Decisions is a series dedicated to the choices we make in our lives and the factors that led us to our given resolutions. We welcome guest posts to this series to hear about how you’ve tackled a life decision. Email your story ideas to email@example.com.
In today’s post, I’ll talk about why I chose stay home after the birth of my daughter even though I had a good job.
No commuting. No projects. No conference calls. No traveling to a different city every week for months. Just thinking about home. Taking care of my daughter, planning meals, organizing the house, gardening. It was so romantic and yet… so guilty-feeling.
I had taken care of myself from the first day I set off to college. I’ve lived in two foreign countries. When I decided to come home, I came back single, with no job, no apartment, a couple thousand dollars in the bank, and in the middle of the financial crisis. But I survived. I set goals and kept looking, going, moving. I accepted help when it was offered from a couple of amazing friends. I managed to meet a brilliant guy, build a life with him, and make progress in my professional life. So when I began contemplating “staying home” after my daughter was born, it felt like a cop out for all the work I’d done. Like I wouldn’t be living up to my potential.
All these unanswerable questions swarmed into my mind:
Was I somehow limiting other women by choosing to stay home and not staying in the workplace?
Was it a waste to get a master’s degree if I was going to change diapers all day?
Would I be a good example for my daughter?
Would I get bored and go crazy?
Fast forward to 39 weeks pregnant: My water broke. After 25 hours of labor, I had a tiny human in my arms. She depended on me for everything. If I thought I was going to be working less or cheating by staying home, that was completely dismissed in the first few weeks with her. This job was a challenging, new project. Not only did I have to take care of my home but do it around the schedule of a chubby-cheeked tyrant. Then after getting all of that done, I had to find time to take care of myself. I battled through the hormone haze in the beginning, fought the exhaustion of being a new parent, and remembered to enjoy it all.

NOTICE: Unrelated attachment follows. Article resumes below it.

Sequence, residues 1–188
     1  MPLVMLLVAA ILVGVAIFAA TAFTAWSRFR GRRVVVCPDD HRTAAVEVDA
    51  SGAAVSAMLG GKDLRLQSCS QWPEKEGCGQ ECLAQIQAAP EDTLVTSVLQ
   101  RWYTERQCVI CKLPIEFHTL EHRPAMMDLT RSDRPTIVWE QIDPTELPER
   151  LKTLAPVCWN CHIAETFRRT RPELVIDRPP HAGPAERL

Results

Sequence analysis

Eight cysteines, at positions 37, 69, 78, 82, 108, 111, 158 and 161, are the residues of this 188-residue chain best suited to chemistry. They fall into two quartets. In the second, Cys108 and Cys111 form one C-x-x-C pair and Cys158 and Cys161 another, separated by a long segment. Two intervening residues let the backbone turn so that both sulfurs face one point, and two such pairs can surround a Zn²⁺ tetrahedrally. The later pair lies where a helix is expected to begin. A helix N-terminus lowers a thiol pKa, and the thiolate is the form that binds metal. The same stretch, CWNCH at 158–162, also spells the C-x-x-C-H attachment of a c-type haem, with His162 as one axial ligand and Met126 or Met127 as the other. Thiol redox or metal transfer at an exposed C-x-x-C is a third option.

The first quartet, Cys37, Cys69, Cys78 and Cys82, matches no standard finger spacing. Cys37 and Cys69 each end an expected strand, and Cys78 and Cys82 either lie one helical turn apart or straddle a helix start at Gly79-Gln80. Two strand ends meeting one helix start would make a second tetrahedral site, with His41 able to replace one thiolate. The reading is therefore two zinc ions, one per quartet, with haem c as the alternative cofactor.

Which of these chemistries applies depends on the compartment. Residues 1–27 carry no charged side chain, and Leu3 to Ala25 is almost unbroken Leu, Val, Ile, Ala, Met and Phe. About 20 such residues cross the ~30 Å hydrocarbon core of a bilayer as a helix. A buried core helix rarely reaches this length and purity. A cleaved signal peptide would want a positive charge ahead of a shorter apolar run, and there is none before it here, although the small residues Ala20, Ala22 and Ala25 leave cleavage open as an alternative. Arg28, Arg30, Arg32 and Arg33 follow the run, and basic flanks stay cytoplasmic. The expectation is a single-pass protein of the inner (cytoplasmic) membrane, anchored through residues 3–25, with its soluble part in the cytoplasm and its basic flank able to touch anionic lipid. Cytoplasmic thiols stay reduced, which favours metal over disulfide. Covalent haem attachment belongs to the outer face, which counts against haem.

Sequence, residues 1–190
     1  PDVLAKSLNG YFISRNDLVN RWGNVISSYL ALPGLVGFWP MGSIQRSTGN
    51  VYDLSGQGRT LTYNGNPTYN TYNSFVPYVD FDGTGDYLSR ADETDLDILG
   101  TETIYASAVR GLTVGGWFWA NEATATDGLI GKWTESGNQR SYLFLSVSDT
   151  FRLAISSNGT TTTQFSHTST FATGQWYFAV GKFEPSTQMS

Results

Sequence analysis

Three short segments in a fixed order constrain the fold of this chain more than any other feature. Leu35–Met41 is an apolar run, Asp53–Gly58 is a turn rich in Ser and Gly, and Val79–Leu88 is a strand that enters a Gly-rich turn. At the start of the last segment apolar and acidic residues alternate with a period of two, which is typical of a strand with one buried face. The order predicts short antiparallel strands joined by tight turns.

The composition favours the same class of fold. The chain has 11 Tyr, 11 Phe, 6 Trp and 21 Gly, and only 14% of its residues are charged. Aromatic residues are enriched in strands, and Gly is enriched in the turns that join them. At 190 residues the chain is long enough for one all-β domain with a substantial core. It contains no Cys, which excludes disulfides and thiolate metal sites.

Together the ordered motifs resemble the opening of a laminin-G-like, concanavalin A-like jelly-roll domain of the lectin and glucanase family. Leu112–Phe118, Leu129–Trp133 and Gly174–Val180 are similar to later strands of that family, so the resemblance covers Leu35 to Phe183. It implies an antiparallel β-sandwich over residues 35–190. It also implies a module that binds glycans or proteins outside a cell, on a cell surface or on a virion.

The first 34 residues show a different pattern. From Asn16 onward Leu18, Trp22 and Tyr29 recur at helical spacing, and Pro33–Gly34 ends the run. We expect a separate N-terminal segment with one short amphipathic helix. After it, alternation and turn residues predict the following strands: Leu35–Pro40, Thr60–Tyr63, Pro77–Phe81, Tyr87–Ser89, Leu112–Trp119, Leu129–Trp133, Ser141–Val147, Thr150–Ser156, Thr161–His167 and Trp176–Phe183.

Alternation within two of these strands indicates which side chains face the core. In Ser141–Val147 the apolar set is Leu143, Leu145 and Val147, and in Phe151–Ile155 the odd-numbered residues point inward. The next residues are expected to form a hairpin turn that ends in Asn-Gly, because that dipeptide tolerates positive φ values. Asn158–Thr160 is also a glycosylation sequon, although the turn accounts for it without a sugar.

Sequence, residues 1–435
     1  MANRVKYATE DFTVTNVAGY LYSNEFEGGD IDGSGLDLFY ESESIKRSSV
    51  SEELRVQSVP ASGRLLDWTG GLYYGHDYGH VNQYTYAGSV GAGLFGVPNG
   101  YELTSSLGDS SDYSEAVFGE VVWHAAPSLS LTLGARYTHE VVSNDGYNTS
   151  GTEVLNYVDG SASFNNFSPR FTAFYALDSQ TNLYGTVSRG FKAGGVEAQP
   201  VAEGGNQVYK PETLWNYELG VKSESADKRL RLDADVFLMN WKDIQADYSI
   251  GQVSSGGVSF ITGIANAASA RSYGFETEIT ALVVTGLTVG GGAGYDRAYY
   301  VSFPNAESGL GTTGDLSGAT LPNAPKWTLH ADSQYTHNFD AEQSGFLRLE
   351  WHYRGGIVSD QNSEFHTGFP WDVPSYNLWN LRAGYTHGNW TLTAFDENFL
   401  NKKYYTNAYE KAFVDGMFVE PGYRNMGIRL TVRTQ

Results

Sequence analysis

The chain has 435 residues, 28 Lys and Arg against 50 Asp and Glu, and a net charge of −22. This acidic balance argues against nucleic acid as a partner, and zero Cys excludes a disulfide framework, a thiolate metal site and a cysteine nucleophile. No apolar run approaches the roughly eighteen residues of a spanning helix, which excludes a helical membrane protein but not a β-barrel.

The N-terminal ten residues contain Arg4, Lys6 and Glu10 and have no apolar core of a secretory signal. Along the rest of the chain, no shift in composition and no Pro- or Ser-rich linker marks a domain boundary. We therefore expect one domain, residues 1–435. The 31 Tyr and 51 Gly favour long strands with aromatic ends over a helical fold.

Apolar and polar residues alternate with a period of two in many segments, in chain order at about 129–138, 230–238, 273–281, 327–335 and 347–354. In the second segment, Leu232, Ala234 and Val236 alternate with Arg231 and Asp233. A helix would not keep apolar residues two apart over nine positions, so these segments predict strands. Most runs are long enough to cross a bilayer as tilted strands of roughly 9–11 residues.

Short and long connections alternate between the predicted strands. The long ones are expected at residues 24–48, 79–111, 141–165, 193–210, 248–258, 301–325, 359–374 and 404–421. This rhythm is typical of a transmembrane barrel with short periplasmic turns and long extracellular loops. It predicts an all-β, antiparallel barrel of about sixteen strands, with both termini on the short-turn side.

I don’t feel guilty anymore.
I stumbled across an article, “Being a stay-at-home parent is a luxury…for your spouse,” that puts the phrasing “gets to stay home” under scrutiny.
Well, of course, it would be a luxury to the spouse who works out of the home to have a partner who stays at home with the children. Someone who is always there to take care of the inevitable days of sickness, arrange the doctor’s appointments, make sure the cupboards are stocked, and heck, to ensure that no one steals the FedEx package off of the porch. And then — goodness! — to have someone to save you the worry of sending your kids into the world, someone to always be there to kiss a scraped knee and take care of the potty training and maybe even have a hot meal waiting for you when you come home?
It’s nice to come home to a clean house, sleeping baby, and a hot meal. If one of you can stay home to provide that, then most of the time you are both winning. The person going to work everyday has to think mostly about work. Even if they contribute 50% to child rearing and the house, they still get to leave it.
I was (and am) contributing to our family, even if there’s no monetary value on it. I was finding challenges in the everyday. Most of all, however, it came down to my daughter. I knew that there was no one else that could take better care of her than me. I wanted to be there for her.
If I needed more convincing, Amy Westervelt put it perfectly in her blog post, “Having it all kind of sucks.”
This whole “having it all” business has been grossly misinterpreted by our society at large. The purpose of all that bra burning back in the ’60s was to give women choices.
You wanna have sex without getting pregnant? Cool, hit that.
You’re pregnant but in no position to raise a baby (or were sexually assaulted and impregnated, or are pregnant with a severely ill or deformed baby, or any number of other scenarios)? No problem, you can choose not to have that baby.
You want to go to work? Do it!
You want to stay at home and raise kids? Great.
You want to do a little bit of both? Groovy.
You want to be stylish and wear makeup? Or frumpy and never wash? Hey, you do you.
Doing all of it at the same time was never the idea.
I’m not sure where this urge to push myself comes from. I need to be an all-star mom, crush it at work (note: I’ve been watching too much “New Girl”), and have a home straight from the pages of a design magazine. I’ve come to learn that a messy living room, a part-time job, and (mostly) having my sanity is totally fine for me.
Like the snowflakes that we all are, our parenting choices are unique and varied. Staying home was right for me but isn’t for others. Just don’t feel guilty, whatever you do.
Related reading: How Society Pays When Women’s Work is Unpaid via the New York Times
Have you made peace with your decision to work (or not) after kids? We’d love to hear what you chose for yourself and how you felt about it.